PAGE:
September 30, 2009

Treatments for Acute Bacterial Prostatitis

Posted in Category : Common Ailments

Acute bacterial prostatitis is the sudden inflammation of the prostate gland as a result of a bacterial infection. The condition presents an acute urinary tract infection in men and is less common than chronic prostatitis, but is easier to identify as a result of its more uniform clinical presentation. While it can commonly be acquired as a sexually transmitted disease, the infection also has the ability to spread to the prostrate through the bloodstream either from an adjacent organ or as a complication of prostate biopsy. The acute version of the condition may show symptoms of chills, a fever and shakes. The prostate is a male sex gland which is about the size of a chestnut and shaped much like a doughnut, through which the urinary tract runs. The prostate’s main function is to provide the fluid that makes up the semen as well as monitor the discharge of sperm during ejaculation. There are a very limited amount of home remedies that are helpful in curing the condition and the best way to deal with it is to make certain adjustments to your way of life. One very important step in achieving this is to regularize your sex life and have sex with a frequency that corresponds to your age. If for some reason you are unable to have sex, masturbation with the same frequency is important for the health of your prostate gland.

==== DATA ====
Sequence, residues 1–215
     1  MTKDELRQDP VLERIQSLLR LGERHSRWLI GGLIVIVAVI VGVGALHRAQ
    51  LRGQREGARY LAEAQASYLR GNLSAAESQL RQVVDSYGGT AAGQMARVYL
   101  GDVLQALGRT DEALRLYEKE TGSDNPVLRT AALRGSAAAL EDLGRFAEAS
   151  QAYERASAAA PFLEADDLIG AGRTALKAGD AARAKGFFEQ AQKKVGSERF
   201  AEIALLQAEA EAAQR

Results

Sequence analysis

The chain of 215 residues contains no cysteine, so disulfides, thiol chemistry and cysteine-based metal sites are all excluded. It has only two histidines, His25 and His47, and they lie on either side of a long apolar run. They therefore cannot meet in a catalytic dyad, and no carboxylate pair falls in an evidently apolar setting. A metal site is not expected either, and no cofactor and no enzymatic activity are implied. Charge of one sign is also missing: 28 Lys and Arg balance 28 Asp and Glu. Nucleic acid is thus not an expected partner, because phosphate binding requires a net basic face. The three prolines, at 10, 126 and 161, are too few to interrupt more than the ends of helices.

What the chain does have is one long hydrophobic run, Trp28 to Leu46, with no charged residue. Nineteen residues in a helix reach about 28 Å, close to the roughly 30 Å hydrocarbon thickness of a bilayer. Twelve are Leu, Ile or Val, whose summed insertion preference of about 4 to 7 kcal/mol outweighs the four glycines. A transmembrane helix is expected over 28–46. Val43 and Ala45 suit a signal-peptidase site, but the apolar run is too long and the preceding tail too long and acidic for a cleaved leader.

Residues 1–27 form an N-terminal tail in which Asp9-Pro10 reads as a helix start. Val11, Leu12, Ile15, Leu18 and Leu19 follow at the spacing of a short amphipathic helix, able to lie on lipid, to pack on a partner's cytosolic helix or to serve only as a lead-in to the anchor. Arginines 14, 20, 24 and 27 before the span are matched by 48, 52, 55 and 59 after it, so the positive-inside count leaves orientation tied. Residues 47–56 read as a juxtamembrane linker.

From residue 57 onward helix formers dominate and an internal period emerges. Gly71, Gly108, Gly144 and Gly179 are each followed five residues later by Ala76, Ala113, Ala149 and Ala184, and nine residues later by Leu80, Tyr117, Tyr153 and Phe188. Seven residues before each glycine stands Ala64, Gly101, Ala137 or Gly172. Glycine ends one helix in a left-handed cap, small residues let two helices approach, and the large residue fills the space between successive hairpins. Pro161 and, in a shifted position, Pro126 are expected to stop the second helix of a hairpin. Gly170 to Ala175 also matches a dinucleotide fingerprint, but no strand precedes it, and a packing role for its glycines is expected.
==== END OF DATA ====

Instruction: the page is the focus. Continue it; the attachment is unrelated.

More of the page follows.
Keeping the prostate gland functional and active will greatly reduce the likelihood of development of the condition. A decoction of equal amounts of gravel root, sea holly and hydrangea root will substantially help reduce the discomfort of urination. Take about 3 to 4 teaspoons about three times every day for the desired outcome. Most of the time, you will not be able to make an accurate diagnosis of the condition on your own and would require the assistance of a licensed doctor to get confirmation. The most effective treatments for acute bacterial prostatitis are also a number of anti-biotic drugs that will be prescribed by the doctor when the occurrence of the infection has been established. Some complications could arise where the patient may develop a prostate abscess. The abscess is an infected pocket that is filled with puss and can be extremely difficult to treat. At this stage of the infection, antibiotics may prove ineffective and the abscess would usually require drainage. Some times the only way to cure the condition is the surgical removal of the prostate gland.